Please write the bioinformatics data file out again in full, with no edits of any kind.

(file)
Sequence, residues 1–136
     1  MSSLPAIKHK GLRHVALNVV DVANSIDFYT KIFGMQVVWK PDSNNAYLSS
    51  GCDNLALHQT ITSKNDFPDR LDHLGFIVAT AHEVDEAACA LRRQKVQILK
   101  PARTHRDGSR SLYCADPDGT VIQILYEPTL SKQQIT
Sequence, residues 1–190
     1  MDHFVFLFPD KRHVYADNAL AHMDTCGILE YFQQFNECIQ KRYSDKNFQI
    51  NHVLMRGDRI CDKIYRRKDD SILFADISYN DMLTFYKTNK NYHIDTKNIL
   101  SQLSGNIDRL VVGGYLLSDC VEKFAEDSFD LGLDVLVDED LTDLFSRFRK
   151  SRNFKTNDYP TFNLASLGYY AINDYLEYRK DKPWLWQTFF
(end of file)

Sequence, residues 1–136
     1  MSSLPAIKHK GLRHVALNVV DVANSIDFYT KIFGMQVVWK PDSNNAYLSS
    51  GCDNLALHQT ITSKNDFPDR LDHLGFIVAT AHEVDEAACA LRRQKVQILK
   101  PARTHRDGSR SLYCADPDGT VIQILYEPTL SKQQIT
Sequence, residues 1–190
     1  MDHFVFLFPD KRHVYADNAL AHMDTCGILE YFQQFNECIQ KRYSDKNFQI
    51  NHVLMRGDRI CDKIYRRKDD SILFADISYN DMLTFYKTNK NYHIDTKNIL
   101  SQLSGNIDRL VVGGYLLSDC VEKFAEDSFD LGLDVLVDED LTDLFSRFRK
   151  SRNFKTNDYP TFNLASLGYY AINDYLEYRK DKPWLWQTFF